Tiny vocalizations coming from the Lion cubbing den alerted a Reid Park Zoo keeper that Kaya, the zoo’s Lioness, had given birth on December 23. Of the five cubs delivered, only four survived, which is not unusual for such a large litter.
Of the four remaining cubs, three are males and one is a female. All four cubs are gaining weight, but the veterinary staff remains concerned about one male who is gaining weight slowly and appears weaker than the others. “A litter of five cubs is unusual,” says Zoo Veterinarian Alexis Moreno. “It would be a challenge for five cubs to thrive – and we are monitoring the health of the remaining four offspring closely – it is still a large litter. I am cautiously optimistic at this point.” The mortality rate for cubs up to one year old is close to 30% in zoos, and significantly higher in the wild.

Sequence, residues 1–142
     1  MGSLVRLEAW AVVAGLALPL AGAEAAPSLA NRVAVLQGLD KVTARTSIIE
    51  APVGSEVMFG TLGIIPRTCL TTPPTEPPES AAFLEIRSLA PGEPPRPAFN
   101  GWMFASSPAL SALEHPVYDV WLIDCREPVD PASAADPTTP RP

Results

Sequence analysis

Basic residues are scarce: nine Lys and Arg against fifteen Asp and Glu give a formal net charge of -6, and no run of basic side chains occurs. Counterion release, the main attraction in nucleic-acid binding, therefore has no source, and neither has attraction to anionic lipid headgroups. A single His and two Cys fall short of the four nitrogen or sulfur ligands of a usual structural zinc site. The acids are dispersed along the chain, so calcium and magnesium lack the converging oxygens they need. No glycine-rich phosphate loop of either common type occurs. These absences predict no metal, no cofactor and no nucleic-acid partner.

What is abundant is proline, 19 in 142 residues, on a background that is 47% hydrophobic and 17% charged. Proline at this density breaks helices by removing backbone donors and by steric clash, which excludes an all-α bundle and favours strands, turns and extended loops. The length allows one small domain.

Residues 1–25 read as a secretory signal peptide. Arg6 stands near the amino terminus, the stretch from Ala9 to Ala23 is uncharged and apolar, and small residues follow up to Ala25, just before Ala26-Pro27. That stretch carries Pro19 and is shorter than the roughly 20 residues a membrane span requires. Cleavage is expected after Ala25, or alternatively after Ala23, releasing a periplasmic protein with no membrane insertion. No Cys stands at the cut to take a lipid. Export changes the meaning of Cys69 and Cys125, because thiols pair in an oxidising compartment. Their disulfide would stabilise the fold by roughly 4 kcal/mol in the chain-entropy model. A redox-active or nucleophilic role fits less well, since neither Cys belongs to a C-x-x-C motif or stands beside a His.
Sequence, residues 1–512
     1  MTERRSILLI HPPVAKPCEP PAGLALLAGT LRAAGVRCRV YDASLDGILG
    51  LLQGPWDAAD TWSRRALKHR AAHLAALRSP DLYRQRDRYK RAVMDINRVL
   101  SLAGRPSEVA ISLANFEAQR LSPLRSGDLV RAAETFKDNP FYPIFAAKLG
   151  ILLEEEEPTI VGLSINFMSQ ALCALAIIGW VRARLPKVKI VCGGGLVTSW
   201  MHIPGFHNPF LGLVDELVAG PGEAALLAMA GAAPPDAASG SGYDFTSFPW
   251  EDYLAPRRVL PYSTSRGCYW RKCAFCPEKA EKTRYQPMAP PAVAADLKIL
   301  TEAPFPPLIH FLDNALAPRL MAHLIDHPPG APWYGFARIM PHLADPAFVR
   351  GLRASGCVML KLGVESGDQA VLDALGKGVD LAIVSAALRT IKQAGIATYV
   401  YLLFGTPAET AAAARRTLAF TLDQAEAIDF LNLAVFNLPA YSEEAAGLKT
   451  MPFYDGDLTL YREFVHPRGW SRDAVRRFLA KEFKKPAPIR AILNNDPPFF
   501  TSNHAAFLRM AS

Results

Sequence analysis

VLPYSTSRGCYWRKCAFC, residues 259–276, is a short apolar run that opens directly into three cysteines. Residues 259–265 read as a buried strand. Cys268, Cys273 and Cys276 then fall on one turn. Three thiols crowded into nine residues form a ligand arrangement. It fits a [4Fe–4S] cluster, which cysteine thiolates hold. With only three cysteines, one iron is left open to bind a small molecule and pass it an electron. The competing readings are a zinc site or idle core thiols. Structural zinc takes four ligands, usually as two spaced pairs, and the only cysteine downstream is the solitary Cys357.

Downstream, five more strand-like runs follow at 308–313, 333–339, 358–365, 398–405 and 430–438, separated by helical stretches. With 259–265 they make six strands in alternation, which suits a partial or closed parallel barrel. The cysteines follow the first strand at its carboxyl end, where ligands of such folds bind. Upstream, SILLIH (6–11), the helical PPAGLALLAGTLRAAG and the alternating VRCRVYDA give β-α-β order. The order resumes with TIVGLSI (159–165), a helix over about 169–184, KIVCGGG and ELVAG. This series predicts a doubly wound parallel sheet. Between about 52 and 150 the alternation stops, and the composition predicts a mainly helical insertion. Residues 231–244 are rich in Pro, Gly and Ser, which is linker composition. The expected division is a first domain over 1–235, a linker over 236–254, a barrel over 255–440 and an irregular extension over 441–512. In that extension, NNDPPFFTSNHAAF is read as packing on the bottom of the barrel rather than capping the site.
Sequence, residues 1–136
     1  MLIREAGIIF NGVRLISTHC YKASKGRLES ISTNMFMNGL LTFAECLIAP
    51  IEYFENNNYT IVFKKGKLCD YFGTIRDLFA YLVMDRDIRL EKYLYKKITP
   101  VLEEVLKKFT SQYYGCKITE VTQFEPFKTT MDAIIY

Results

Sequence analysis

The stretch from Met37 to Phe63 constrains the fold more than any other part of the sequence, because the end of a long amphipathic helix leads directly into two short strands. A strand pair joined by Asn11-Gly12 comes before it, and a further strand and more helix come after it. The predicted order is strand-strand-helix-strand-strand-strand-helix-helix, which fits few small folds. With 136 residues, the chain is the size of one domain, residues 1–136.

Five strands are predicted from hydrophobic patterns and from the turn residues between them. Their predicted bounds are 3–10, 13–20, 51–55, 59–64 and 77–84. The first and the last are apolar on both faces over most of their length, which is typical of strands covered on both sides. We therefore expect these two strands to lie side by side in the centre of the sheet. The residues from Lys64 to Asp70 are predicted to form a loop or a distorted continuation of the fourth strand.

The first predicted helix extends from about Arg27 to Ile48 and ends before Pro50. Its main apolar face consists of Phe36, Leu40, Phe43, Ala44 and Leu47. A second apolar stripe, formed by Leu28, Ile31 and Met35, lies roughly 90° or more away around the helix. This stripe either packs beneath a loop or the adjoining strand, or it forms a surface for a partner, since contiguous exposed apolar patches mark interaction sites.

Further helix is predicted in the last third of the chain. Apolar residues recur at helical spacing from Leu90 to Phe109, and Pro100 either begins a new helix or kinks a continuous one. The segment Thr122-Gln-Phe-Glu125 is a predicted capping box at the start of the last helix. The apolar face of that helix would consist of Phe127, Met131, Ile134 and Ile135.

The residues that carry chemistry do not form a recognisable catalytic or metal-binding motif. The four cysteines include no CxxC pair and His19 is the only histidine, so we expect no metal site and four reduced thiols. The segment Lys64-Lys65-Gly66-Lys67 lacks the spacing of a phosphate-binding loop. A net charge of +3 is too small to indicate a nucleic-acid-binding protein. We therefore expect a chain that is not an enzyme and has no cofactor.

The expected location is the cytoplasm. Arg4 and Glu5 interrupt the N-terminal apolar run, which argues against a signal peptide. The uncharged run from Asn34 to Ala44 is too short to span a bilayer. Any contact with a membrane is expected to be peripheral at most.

The cubs and mother are behind the scenes and are receiving the best care possible. Kaya and her cubs have access to two “bedrooms” and a cubbing den (a cave-like room with minimal lighting and temperature regulation to reduce stress and limit human intrusion). Kaya is eating well, nurses her cubs, and is protective of her young. Shombay, the father, is separated from the rest of the pride for safety. He has access to the exhibit and adjacent behind-the-scenes holding. Shombay vocalizes to Kaya and the young and appears very curious about the cubs.
This is the second litter for Kaya and Shombay at Reid Park Zoo. She delivered three cubs in July 2011 and all three offspring are now living at other accredited zoos. Reid Park Zoo partners with other zoos to make responsible breeding decisions for the protection of the species.